To date, only 14% of water users (28,000 from a total of 200,000 users connected to the utility supply system) contribute to the scheme, and at small levels, but Sergio Marines, Coordinator of Profauna's office in Saltillo, points out that the 2003 round drew only 4,000 donors.

"Most of them paid one, two or five pesos – with one-peso donations providing the lion's share of contributions then," he says, adding that the first year brought in just MEX 38,249 pesos (US$2,550), while 2008's 28,000 donors paid in MEX95,000 (US$6,185).


Public Sector Support

In 2006, the state of Coahuila upped its support of the program with a peso por peso (peso by peso) matching arrangement. In addition to his personal contribution, the Coahuila Governor Humberto Moreira committed to double the resources for the project, channeling a monthly sum equivalent to the amount raised in July 2006, adjusting the amount each year.

"If Saltillo is full of life, if there's water in every house, if we are able to live in this place – it is because of the Sierra de Zapalinamé," said Moreira when the peso por peso was launched. "If it doesn't capture water, the Sierra dies, and as a consequence, there will be no water in Saltillo."


Promoting Active Conservation

The projects involve local communities and small land-holders who present proposals in line with the Reserve's Management Plan. Marines points out that funds aren't paid out just for keeping hands off of the forests, but for actively developing conservation and restoration projects in the Sierra.

These projects include water and soil conservation, fire management programs, reforestation, cattle protection fences, backyard orchards, solid waste management, and species monitoring within the Reserve, among other activities whose environmental benefits extend well beyond clean water.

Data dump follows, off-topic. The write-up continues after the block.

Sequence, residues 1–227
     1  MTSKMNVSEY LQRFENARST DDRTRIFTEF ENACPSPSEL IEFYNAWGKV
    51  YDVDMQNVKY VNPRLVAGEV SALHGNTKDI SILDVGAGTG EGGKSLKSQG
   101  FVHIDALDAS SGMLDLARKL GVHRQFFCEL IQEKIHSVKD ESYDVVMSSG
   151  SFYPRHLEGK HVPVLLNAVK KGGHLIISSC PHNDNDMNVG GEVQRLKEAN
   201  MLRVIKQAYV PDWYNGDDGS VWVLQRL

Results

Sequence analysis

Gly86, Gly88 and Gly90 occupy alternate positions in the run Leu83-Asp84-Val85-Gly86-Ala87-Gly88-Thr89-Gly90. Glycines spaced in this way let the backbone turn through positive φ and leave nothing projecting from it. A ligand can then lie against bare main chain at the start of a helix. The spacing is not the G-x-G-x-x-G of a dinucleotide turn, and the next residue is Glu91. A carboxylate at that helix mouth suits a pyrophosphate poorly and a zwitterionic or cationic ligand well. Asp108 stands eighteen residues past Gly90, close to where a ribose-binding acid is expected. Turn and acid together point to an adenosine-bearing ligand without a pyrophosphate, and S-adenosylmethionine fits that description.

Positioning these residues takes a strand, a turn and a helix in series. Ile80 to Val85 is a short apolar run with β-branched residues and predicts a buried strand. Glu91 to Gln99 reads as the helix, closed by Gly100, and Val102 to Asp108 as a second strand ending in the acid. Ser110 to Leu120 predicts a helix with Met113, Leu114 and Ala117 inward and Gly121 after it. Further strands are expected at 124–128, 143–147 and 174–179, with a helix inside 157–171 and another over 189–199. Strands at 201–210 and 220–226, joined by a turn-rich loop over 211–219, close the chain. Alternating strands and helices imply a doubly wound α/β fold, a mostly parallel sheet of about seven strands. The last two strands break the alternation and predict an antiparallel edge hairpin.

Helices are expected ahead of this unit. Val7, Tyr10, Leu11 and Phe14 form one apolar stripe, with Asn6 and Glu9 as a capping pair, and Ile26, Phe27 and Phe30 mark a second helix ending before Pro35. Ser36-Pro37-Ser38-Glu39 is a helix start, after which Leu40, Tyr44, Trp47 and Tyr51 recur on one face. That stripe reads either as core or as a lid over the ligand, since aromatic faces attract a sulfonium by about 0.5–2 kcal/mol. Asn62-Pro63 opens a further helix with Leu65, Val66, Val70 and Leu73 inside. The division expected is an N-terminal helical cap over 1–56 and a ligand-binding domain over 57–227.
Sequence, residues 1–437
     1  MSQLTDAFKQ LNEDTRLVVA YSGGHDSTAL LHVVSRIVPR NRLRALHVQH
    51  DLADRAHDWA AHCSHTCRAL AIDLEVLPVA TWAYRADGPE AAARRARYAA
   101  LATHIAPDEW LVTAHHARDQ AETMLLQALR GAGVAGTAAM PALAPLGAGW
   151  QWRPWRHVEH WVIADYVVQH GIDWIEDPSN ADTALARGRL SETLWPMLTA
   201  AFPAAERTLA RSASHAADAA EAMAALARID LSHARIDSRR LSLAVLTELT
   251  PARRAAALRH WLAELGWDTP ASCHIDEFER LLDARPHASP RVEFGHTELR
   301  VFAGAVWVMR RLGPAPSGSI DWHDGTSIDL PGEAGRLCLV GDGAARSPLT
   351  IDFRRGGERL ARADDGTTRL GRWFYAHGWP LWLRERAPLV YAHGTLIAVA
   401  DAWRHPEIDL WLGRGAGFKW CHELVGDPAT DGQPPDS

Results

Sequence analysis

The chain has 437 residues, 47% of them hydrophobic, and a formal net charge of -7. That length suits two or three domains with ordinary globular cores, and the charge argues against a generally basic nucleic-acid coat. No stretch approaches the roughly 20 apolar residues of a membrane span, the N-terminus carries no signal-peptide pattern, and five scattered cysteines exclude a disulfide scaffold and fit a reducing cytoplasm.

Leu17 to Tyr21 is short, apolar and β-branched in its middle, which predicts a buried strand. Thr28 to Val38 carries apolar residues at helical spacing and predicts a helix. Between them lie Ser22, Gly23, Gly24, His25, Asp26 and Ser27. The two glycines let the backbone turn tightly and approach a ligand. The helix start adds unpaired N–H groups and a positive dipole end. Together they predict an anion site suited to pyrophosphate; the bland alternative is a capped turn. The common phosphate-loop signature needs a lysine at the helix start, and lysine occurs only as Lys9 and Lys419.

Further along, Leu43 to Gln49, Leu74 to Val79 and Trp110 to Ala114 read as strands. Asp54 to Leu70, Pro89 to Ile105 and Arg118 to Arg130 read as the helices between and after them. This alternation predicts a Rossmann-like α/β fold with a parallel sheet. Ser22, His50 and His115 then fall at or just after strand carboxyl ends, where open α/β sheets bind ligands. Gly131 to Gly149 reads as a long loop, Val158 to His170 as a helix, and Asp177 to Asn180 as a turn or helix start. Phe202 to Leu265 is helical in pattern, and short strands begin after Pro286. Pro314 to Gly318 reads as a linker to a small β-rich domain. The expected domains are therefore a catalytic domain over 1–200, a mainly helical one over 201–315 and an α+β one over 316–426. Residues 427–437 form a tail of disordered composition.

"The most visible environmental benefit is the increase in vegetation cover in the Sierra," he says. "Communities are working to convert agricultural to forest land, and changes can be observed both in the forest structure and dimension. Areas that used to be crop fields are now covered by forest as a direct result of the program."


Impact on Communities

Long-term, the program's success will be defined by its impact on both the environment and the communities of the watershed.

"Perception and attitude is changing within local communities – especially in winning support for the Natural Protected Area (NPA) decree to working in conjunction with NPA authorities in conservation activities," says Marines. "This was possible thanks to the Cities and Watersheds project".

Currently, a project for monitoring the springs in the upper basin of Zapalinmé is being implemented and carried out every two months in collaboration with NPA personnel to evaluate water quality and quantity flows.


Mandatory vs. Voluntary

Marines says that a voluntary scheme has many virtues over a compliance scheme – largely because it encourages active participation by people both in the city and in the Reserve. Indeed, more than 15,000 families of the watershed are already involved in projects related to the scheme.

"In the first place, it is a way to gauge the level of the project's acceptance," he says. "Having the voluntary support of 15,000 families in a community is quite interesting from a political perspective as well, but if done under a compulsory scheme, these virtues would be gone."

Rufino, who is now Profauna's project manager for Watershed and Cities II, agrees.

"The fact that the scheme was not imposed helped increase people's support for the cause and their environmental awareness," she says. "In the end, it's not only money that matters."


Replicating Success

"I've witnessed some experiences in Veracruz and Jalisco, and the secret is to adapt to local ideology," says Marines. "The experience we've had in Zapalinamé, might be replicable, but with proper adaptation"

In a national context in which PWS experience in Mexico is mainly within the federal PWS program, the results and experiences drawn in Saltillo constitute an undeniable reference for building the road ahead.





Claudia Lechuga is editor of Mercados Ambientales.com (Spanish website of Ecosystem Marketplace that was re-launched as Valorando Naturaleza in 2013.) and Climate Change Coordinator in Reforestamos México. You can reach her at claudialepe@gmail.com or clechuga@reforestamosmexico.org.